Has the penny finally dropped with the ASP system?

I traded two games today, West Brom V Everton and Sunderland V Manchester City, using the Assured Soccer Profits system. I ended up winning the princely sum of £2.04, but a penny may have dropped and I’d like to think that today could be a watershed moment for me in how to use this system more efficiently going forward.

I have had a good week with the system overall, it has gone a long way to recouping some serious losses from West Brom V Manchester City and the subsequent chasing I did afterwards, activity which I will update on tomorrow.

Back onto today and whilst watching West Brom V Everton I got the distinct feeling that the game could have 0-0 written all over it. As a result of this I bailed out of my 0-0 lays when the price was 6.2, rather than at half time when 0-0 is usually around 4.3, my usual exit point.

After exiting 0-0, I found myself with a red of £2.40 on 0-0, and a green of £1.09 on all other scores. I think AUQ was in green for a few pence.

Basically, £2.40 was a loss I could live with and it wouldn’t have ruined all my good work of the previous 4 or 5 days. A week ago I would have got out at half time. If I had waited until half time today, I would have been looking at a red of around approximately £13-£15 such was the shortness of the 0-0 price. As I stated above, the usual half time price for 0-0 is generally around 4.3.

0-0 actually hit this price in the 35th minute today, such was the markets lack of expectation of goals.

In affect, when I traded out I left myself with a £2.40 bet at odds of just above 2/5 on the match not finishing 0-0, which was probably somewhere slightly under what the market price was at the time. But the crucial point is that if a goal had been scored before the 35th minute, I would have won a few more quid.

Onto Sunderland V Man City, I layed AUQ pre match for 8.8, I had about £35 liability on this score. I also layed 0-0 at 13 in first couple of minutes of match.

After what happened with Schalke the other week and with Man City having scored bags of goals this season, I reduced my AUQ liability and again layed 0-0 after about 15-18 minutes.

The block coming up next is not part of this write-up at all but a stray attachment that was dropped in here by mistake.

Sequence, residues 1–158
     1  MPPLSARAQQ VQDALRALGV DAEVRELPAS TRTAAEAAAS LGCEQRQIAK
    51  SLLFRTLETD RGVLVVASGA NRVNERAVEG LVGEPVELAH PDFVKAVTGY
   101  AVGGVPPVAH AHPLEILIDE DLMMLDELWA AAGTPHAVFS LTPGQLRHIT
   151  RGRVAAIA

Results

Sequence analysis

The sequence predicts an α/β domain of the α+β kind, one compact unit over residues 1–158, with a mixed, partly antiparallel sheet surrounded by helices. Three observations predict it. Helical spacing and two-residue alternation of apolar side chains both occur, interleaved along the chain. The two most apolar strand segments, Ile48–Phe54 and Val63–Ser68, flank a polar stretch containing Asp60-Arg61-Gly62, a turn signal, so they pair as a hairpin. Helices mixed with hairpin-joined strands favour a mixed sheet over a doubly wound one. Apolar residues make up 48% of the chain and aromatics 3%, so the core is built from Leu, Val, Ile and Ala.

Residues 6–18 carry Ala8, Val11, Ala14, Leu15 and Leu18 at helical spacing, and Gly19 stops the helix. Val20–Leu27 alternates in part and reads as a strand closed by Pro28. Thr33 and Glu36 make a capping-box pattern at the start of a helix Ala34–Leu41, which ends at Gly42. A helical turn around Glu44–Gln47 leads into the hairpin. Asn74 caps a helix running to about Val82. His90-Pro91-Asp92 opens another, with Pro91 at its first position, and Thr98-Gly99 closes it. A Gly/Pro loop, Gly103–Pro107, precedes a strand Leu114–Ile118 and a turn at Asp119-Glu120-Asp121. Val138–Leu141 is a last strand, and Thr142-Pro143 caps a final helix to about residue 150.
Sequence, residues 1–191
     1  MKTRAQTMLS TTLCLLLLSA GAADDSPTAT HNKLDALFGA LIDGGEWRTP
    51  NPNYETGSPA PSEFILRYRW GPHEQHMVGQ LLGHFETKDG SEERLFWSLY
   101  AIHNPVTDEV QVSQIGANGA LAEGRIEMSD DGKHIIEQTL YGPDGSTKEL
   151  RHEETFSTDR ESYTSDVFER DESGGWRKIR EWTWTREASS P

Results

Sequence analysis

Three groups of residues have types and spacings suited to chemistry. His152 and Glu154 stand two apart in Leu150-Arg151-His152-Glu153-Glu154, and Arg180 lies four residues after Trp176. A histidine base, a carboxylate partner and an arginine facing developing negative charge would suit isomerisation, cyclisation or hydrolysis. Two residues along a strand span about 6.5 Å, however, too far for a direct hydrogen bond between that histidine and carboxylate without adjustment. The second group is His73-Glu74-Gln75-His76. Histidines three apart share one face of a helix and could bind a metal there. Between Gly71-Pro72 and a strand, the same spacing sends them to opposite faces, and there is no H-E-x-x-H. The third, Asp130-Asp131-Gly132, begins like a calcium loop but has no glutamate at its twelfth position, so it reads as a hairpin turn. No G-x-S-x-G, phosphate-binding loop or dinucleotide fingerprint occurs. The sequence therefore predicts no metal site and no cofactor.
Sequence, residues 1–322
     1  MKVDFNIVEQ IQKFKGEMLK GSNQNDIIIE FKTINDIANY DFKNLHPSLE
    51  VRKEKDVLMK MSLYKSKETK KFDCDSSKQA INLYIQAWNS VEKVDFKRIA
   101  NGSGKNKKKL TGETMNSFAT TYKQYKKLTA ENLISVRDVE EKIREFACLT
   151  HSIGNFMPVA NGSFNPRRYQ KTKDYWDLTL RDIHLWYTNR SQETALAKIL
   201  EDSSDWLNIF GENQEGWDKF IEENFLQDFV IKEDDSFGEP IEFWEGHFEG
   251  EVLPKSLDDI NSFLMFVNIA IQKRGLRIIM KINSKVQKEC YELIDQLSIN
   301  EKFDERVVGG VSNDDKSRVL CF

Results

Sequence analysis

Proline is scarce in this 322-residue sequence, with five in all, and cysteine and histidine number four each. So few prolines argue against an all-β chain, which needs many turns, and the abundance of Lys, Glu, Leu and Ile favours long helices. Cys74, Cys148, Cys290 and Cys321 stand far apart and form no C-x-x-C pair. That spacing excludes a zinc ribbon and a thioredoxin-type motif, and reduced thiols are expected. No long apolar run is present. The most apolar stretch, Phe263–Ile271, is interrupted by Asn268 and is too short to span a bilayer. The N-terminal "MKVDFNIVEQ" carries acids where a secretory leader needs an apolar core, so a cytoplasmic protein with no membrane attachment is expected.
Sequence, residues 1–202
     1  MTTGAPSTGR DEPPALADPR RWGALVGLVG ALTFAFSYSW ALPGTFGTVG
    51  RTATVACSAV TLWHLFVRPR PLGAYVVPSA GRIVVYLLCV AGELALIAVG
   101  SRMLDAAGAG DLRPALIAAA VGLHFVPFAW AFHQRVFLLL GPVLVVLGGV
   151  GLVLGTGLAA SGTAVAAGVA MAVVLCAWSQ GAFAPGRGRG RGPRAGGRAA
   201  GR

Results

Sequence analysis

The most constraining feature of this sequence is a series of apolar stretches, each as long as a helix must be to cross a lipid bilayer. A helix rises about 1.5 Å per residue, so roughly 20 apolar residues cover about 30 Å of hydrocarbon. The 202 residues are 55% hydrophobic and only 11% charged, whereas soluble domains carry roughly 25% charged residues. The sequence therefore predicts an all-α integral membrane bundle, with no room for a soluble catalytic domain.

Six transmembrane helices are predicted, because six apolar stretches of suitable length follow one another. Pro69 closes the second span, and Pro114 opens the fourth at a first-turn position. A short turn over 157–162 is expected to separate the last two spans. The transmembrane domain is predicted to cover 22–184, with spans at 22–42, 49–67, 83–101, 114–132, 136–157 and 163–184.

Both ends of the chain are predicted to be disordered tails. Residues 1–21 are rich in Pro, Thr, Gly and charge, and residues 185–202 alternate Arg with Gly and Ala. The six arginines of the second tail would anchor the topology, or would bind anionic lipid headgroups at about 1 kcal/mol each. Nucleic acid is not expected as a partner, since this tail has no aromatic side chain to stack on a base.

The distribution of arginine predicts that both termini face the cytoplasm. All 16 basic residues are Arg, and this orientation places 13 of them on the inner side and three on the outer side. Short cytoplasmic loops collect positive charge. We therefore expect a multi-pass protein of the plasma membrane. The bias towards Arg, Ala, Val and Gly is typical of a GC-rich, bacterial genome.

I was going out and when I left the house I was in the position of 0-0 £30 red, AUQ £11 red, any other score £6 green, at about the 20 minute mark.

My first obvious mistake is getting involved in a bet when I was going out (I already knew that) and my second mistake was expecting a Manchester City goal. I only done the bet in the knowledge I was going out because it was City and they were bound to score, right? Wrong!

Because I expected City would score I didn’t bother worrying about an exit strategy, like the one I used in the West Brom V Everton match. As a result of this when I got to where I was going at half time, I could only back 0-0 (on my phone) to leave me with £16 red on the goalless outcome.

I had to take it, as I remember only too well what happened in the West Brom V Man City match a few days back. So I left myself with £16 red on 0-0, £11 red on AUQ and 95p green on all other scores.

As I was thinking about writing this blog post it started to occur to me that the West Brom V Everton game was the way the system is supposed to be used. It has got me thinking back to watching the videos about this system and how the games should be traded.

I have in the past been guilty of excepting a loss on 0-0 from time to time, with the perception that the wins will outweigh the losses in the long run.

If I had waited until half time in the West Brom game to exit, I would still have left a £1 green on all other scores. So in effect I would have stood to win the same (as I actually did win), but lose 5 or 6 times more (had it finished 0-0).

All I lost was the opportunity of winning around £5 with a goal in the 10 minutes before half time. I suppose it comes down to weighing up the balance between what I might win with a goal between 35 minutes and half time, against what a 0-0 would cost me if I waited until half time to reduce liabilities.

Obviously trading out on 35 minutes reduces the window of opportunity for the first goal to be scored, but the wins are of such a minimum amount with this system that one big loss can write off a week’s winnings, so it’s now starting to dawn on me that not losing or seriously limiting losses, should be the first rule of using this system.

As it happened the late Sunderland winner bailed me out, but if it had of finished 0-0 then I would have wiped out most of Saturdays profits, which would have been another set back for my trial of the system.

In the past I have left bets to run in the hope a goal would come, I soon learned that was wrong. I then decided that I needed to get out at half time, I know believe that to be wrong.

So in conclusion, taking both these trades into consideration I am now going to implement the system in the way I used it in the West Brom V Everton game.

I’m now going to (discipline pending) try to bail out when I’m at the stage where the loss will only wipe out the profits for a maximum of one or two matches, rather than a day or two’s profits – like I have sometimes been doing.

I have stressed time and time again that I am learning with this system. To any regular readers it probably seems that I am learning very slowly and I couldn’t disagree with that. In fact it could be argued that if I had been hit round the face with a wet kipper with the information on it, it still wouldn’t have sunk in. In hindsight it seems so bloody obvious that you don’t let one potential 0-0 match wipe out a day or two’s profits, so why has it taken me so long to realise? Doh.

For anyone interested in the system, more information can be found here.

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